Meet the Artist: Helene Liala Brenenson

Photo: Courtesy of Helene Liala Brenenson

Tell us a little bit about yourself and your background.

My name is Helene Liala Brenenson and I was born in New Jersey in 1997 and have lived here all my life.  I am the oldest of four siblings who I love and constantly remind me to clean up my art supplies that are all over my house. I went to Yeshiva Day School’s until college where I received my BFA with a concentration in painting from Mason Gross School of Art and Design at Rutgers University in May of 2019.  I am currently pursuing an MFA degree at William Paterson University and am a Student Fellow at the Jewish Art Salon.

What inspired you to become an artist?

I was never really good at school, the only thing that would get me through the week when I started high school was knowing there would be art club one night a week.  I would spend all of my free time in the Frisch art room.  It helped that all around my house are works of art that my aunt made.  If it was not for watching her make art and having her paintings on my walls I do not know if I would have initially been drawn to art. 

What is your specialty?

While I love to practice all forms of art, by trade I am a painter.  A painter of hands to be specific.  Artists always say when drawing the figure that the hands are the hardest part to complete, for me, I took that as a challenge. I mastered the hand and made it the primary focus of my work. 

How and where do you work?

Currently, due to the pandemic, I set up a makeshift studio in the front entryway of my home.  My MFA program dedicates a studio space for each student to work on the art.  While this space is still available to me, I simply rather spend the time at home in order to minimize my exposure to others.  However, this limits the size of painting I am able to complete, if I want to paint on a larger scale I must go into the studio.  If I am in need of an etching press, I will also go into the printmaking studio to do work.  As safe as I want to be, when I want to make art, nothing is going to stop me.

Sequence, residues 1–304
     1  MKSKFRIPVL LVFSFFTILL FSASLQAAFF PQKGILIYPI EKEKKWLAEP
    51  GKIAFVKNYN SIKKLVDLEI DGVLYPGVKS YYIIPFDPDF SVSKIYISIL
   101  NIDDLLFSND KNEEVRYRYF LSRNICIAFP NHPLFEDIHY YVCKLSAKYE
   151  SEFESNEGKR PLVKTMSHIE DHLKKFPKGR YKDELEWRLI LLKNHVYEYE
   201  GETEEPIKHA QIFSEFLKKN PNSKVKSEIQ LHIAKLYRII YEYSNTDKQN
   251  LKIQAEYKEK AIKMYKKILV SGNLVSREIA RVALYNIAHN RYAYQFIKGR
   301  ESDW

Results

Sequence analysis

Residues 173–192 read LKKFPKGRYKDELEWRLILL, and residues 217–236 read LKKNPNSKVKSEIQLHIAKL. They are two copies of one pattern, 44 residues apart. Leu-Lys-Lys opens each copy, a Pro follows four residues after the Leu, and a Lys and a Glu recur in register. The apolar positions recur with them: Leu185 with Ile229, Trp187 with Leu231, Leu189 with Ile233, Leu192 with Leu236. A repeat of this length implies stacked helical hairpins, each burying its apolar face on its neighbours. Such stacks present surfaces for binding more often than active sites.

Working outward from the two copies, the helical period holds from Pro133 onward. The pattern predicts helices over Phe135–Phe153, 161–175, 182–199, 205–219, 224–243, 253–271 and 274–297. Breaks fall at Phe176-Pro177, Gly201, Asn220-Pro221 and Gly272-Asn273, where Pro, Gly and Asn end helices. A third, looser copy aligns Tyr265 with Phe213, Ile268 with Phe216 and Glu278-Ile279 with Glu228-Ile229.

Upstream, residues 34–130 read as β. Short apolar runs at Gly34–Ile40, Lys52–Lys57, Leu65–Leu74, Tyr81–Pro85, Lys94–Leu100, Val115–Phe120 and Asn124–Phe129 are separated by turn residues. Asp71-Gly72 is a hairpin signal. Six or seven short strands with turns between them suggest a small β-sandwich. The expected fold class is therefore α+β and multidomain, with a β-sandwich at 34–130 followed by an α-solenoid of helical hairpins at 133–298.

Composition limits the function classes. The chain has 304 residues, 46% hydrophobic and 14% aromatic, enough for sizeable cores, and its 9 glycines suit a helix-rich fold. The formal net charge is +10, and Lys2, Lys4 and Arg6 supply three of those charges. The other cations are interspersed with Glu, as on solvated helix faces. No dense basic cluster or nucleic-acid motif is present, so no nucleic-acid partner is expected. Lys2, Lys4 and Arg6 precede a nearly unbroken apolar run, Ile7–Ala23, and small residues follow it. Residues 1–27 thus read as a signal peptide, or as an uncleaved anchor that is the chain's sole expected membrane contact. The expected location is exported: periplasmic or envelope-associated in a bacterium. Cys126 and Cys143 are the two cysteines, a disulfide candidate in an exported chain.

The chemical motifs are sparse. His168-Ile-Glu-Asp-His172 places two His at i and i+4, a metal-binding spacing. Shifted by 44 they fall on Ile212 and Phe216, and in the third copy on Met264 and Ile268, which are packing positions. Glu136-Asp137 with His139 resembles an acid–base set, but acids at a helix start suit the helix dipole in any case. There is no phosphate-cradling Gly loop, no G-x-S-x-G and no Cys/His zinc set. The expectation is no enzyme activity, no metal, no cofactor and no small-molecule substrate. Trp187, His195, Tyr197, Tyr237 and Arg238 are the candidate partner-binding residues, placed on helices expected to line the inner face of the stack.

What is the most indispensable item in your studio space?

My small palette knives.  I love to mix paint with my small palette knife, I have over a dozen different sizes, but I always use the small ones to mix paint.  Not sure why I do it, but once I broke it and tired using a different one, I just felt weird and had to just wait for the new one to come! The same could be said of small paint brushes, I usually paint on canvases no smaller then 18” x 24”, yet the brushes I use are 1/4th of in inch wide! Some say I am torturing myself, but I just love getting all up into the painting with my small brushes!

Where do you take your inspiration? Are you pursuing any themes?

My life as an observant Jew has taught me a lot about tradition and the effect the written word has on an individual by the means of prayer. From the teachings instilled in me, I learned that our bodies are sacred and on loan to us from Gd. As a painter, my hands play an integral part in my life.  Just as people take their everyday bodily functions for granted, they often displace the preeminent component of hands.  I strive in my work to show the different ways hands can be utilized, contorted, and displayed. 

My art focuses on the mystique of the human hand as well as the plethora of narratives that can be derived from them.  Sometimes it can be revealed through the spelling of words and other times by the positions of the hands.  I obtain great satisfaction when I am able to combine my fascination of the human hand with the written word into one cohesive and successful artwork.  

Do you do bespoke work?

I take commissions, in the past people have approached me to create specific pieces of art for their homes.  My favorite piece I was commissioned to do was over the summer.  A couple, whom I have been friends with since high school, was preparing to get married.  The bride’s grandfather had recently passed away and left several unfinished Ketubah borders.  They approached me to create a personalized monogram for their wedding benchers and then paint this monogram into the open area of the unfinished border.  I was honored to be able to complete such a personal piece for the couple.  The bride was touched to have her grandfather’s work completed and turned into something so special.